My 16 year old son visited me for the holidays, and I am so very pleased to let all know that I found him on several occasions poking though my personal library. He heartily agreed that "too many books" is no problem.

But on that subject, I'm searching for suggested reading lists that give historical info without pandering to one's political persuasion. I've got my recommended reading list for the civil war; how about the War of 1812 and the American revolution? I plodded through Borders last weekend and came away greatly discouraged with the screening method of seeing who contributed to cover art blurbs. Any suggestions?


doghouse riley said...

Wait, your wife gets upset when you question whether non-proficient readers should be encouraged to vote, or when you quote Shakespeare?

Actual count, just this minute, of books in my queue (at bedside or on the living room ottoman): 21

Number which have actually been started: 16

Number I've previously read: 4

Number I'm within two chapters of finishing: 5

Odds that any particular unread book will wind up being finished: 1 in 6.

James Stripes said...

It's important to remember that "the truth" Sebastian spoke turned out to be false in The Tempest, otherwise she might have been quoting Shakespeare at me: sometimes telling the truth is mean, and she gets upset when I seem mean.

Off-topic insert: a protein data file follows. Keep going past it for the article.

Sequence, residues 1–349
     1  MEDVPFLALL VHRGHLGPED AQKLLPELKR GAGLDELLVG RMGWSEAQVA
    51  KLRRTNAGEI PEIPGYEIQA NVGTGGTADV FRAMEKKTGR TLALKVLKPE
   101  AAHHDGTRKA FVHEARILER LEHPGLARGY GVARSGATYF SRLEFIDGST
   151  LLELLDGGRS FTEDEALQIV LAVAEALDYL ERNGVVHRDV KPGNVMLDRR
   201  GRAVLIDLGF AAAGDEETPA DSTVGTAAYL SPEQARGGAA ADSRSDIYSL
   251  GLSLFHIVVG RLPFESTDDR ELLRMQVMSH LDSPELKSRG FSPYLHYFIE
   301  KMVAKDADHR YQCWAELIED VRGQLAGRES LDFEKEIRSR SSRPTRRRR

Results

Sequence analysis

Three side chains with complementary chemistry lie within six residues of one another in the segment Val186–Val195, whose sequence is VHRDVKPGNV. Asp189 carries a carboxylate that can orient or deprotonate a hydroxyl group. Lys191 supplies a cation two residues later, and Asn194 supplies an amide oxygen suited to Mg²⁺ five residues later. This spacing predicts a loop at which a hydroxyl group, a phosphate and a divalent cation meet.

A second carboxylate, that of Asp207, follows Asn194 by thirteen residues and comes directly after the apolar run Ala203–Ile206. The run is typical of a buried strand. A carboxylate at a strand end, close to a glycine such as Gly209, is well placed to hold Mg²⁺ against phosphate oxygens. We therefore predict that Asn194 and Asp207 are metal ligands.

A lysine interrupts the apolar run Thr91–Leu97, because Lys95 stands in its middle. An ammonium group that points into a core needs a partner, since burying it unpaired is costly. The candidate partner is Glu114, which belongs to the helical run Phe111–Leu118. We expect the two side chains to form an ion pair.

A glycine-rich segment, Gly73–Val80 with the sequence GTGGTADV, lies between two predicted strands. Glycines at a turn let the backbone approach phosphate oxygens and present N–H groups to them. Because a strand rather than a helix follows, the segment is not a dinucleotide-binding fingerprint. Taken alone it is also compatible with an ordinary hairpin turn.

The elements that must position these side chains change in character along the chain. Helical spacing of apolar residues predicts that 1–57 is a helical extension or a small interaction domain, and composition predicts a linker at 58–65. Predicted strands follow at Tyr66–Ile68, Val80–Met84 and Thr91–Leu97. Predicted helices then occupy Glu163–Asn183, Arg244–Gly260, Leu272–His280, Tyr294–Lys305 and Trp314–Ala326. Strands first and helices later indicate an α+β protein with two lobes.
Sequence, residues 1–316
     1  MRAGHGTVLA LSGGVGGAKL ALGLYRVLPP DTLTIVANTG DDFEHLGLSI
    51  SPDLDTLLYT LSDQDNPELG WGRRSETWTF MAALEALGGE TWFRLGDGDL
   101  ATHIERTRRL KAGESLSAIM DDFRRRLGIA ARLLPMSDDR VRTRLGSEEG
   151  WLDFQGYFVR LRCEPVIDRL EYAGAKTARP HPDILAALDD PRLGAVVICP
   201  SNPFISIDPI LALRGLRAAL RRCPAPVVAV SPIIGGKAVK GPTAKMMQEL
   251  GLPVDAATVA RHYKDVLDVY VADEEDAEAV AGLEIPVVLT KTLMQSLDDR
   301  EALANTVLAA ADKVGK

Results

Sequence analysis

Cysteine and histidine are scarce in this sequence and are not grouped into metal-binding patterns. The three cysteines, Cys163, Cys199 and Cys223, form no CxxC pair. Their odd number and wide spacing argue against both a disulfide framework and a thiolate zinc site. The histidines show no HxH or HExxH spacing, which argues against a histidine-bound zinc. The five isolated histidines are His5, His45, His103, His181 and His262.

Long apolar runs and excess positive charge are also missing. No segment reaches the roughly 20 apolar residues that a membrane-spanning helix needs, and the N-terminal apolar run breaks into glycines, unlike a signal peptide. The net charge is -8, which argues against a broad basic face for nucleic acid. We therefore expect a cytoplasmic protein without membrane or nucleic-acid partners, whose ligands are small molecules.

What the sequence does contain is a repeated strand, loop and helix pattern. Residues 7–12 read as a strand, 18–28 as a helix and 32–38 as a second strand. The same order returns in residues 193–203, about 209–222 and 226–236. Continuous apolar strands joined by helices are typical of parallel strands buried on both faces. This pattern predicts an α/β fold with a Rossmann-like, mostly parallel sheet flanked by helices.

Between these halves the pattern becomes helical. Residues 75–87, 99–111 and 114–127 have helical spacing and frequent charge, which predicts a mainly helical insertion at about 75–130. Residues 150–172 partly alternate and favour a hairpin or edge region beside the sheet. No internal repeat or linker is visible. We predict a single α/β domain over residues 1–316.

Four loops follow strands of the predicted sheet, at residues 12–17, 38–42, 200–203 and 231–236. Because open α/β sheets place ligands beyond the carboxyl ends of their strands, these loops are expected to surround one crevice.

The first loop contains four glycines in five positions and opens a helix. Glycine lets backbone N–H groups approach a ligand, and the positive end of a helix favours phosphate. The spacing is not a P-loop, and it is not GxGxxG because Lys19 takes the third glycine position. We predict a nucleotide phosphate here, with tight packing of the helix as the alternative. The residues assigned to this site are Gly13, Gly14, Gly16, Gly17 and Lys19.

The world may be crawling with illiterates (HST called them the "New Dumb"--see today's blog entry) that vote the way they're told by FOX or CNN, but kindness avoids highlighting their capacities for reasoned judgment.

James Stripes said...


I'm still thinking about your question. You might note from "Two Theses" along the sidebar that I'm not usually in search of apolitical histories. Indeed, I rather doubt any historians escape their own biases.

But you use the word pandering...

The connotations of that term certainly embrace broadly sweeping histories like Zinn, A People's History and Schweikart and Allen, A Patriot's History, as well as quite a few monographs. Nevertheless, bias sometimes drives a work more strongly, sometimes less so.

I can say that I'm currently immersed in other aspects of American history, but I anticipate that I will become immersed in the early national period (including the War of 1812) sometime later this year. Check back then, and I might have some recommendations.

In the meantime, you might check out